There's more, much more. I'm a little iffy on her recommendations:

    Building is a political philosophy. It is neither red nor blue, progressive nor conservative. It is averse to the political short-termism and zero-sum thinking that permeates our aging institutions that won’t protect us in this era. There is no fixed pie when it comes to building. Building is an action, a choice, a decision to create and move. It is shovels in the dirt with a motley crew of doers who get the job done because no one else will. Building is the only certainty. The only thing we can control. When the projects we believed were Teflon strong are fraying like the history they toppled, the only thing to do is to make something new again.

    Build housing for the middle class. Build schools for the kids who want to learn math. Build next-generation defense capabilities with young people who grew up coding. Build PCR tests so that a nasal swab stops the nation from closing businesses at the mere sight of Covid case increases. Build trade schools. Encourage men and women to work with their hands again. Cut the red tape that stops us from building infrastructure fast. Build factories in America. Build resiliency in the supply chain. Build work cultures that support mothers and fathers so they can have more children.

    That's a mixed bag, and I'm pretty sure that many of those ideas can't be accomplished via a top-down command-and-control mentality. I think we need to (in Deirdre McCloskey's formulation) reinstitute a new respect for liberalism and bourgeois values. I don't know if that's possible, let alone likely.

  • Donors to the Lincoln Project, here's where your money is going. The Washington Free Beacon reports: Lincoln Project Shells Out $100K in Mystery Legal Settlement With Cofounder.

    The Lincoln Project shelled out another six-figure payment to a founding member of the super PAC who accused the organization of ignoring allegations of sexual misconduct within its ranks.

    The scandal-plagued PAC paid $100,000 to Jennifer Horn in the first quarter of 2022, according to campaign finance records. The Lincoln Project has paid Horn a total of $475,000 in mystery legal payments since she resigned from the group amid allegations that cofounder John Weaver made unwanted sexual advances to more than 20 young men. Horn accused leaders of the Lincoln Project of ignoring allegations against Weaver.

    The Lincoln Project is still chugging away at its "anti-Trumpism" task, although it seems that involves mindless pro-Biden propaganda; one of the first things I noticed was a post claiming We Have To Have Joe Biden’s Back.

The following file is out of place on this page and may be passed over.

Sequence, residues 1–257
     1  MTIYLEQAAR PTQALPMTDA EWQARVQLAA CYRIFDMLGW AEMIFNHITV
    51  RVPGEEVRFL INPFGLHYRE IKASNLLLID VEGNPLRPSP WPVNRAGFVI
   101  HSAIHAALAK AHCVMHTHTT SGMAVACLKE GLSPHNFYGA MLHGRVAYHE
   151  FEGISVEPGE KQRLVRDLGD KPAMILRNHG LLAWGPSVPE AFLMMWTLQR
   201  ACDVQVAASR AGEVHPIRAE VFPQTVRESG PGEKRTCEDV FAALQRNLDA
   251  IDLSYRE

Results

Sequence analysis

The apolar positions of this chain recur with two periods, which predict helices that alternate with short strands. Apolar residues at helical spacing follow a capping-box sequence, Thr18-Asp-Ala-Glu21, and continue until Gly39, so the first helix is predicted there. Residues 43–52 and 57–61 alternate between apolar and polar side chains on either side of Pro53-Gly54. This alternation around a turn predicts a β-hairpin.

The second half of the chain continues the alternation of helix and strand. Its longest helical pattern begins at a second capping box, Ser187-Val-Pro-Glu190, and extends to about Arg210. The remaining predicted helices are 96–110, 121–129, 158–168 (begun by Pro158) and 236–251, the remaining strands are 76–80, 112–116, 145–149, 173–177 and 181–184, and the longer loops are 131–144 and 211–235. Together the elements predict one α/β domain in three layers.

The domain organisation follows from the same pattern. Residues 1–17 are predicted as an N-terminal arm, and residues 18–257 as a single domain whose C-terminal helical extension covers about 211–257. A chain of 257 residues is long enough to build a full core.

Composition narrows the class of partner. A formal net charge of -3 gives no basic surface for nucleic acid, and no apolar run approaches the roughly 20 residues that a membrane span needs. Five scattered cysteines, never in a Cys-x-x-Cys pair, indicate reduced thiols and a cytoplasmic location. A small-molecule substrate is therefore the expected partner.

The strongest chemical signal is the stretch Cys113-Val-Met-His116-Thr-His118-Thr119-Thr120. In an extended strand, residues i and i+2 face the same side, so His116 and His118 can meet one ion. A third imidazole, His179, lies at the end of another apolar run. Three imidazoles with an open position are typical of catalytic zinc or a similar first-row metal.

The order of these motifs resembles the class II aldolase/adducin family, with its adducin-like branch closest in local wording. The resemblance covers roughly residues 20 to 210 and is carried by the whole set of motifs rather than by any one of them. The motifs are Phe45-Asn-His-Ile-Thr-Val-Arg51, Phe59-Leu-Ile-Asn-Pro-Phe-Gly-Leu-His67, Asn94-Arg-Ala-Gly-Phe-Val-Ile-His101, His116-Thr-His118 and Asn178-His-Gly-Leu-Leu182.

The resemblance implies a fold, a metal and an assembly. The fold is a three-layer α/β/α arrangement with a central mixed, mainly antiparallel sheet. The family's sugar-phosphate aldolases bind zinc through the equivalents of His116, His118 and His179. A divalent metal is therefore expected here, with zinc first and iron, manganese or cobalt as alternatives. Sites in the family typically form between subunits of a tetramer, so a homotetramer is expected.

Why? Isn't it possible to despise both Trump and Biden?

Last Modified 2024-01-17 3:50 PM EDT

URLs du Jour


  • It only hurts if you think about it. J.D. Tuccille provides a reminder: Tax Day Is Here, Because Government Bungling Won’t Pay for Itself.

    Well, actually, that's two reminders.

    In recent weeks, the Centers for Disease Control and Prevention (CDC) conceded that, perhaps, the agency really sucks at performing its assigned tasks and should reevaluate how it does things; a federal jury told off the Federal Bureau of Investigation (FBI) for entrapping a handful of dummies into a high-profile political kidnapping plot; and several of the federal government's own economists placed the blame for soaring prices on runaway government spending. That's some impressive governance, for a certain value of "impressive," and it certainly doesn't come cheap. In fact, on this Tax Day, some of us might be forgiven for wishing we could skip not just the tab, but also the services for which it's supposed to pay.

    It's no joke that government doesn't come cheap. In revisiting its federal spending and revenue forecasts for 2021, the Congressional Budget Office conceded in January that its "projection of $3.43 trillion for federal revenues in 2021 was too low—by $614 billion" and its "projection of $7.07 trillion for federal outlays in 2021 was too high—by $250 billion." Not that taking in more money than anticipated and spending a bit less means the feds balanced their books. No, not even close. In the end, the feds spent "only" $2.78 trillion more than they collected. And they do that every year, so it adds up.

    Also the Red Sox lost badly today. Sigh.

  • To repeat: abolish the FDA. OK, their bungling bureaucracy might have helped kill thousands of Americans during the pandemic, but they at least keep our food safe, right?

    Well, Baylen Linnekin offers some disillusionment: New Investigation Finds FDA's Food Safety Division Is 'Broken'.

    Last week, Politico published the results of an in-depth, months-long investigation into the Food and Drug Administration's (FDA) regulation of our nation's food supply. The findings? The agency "is failing to meet American consumers' expectations on food safety and nutrition."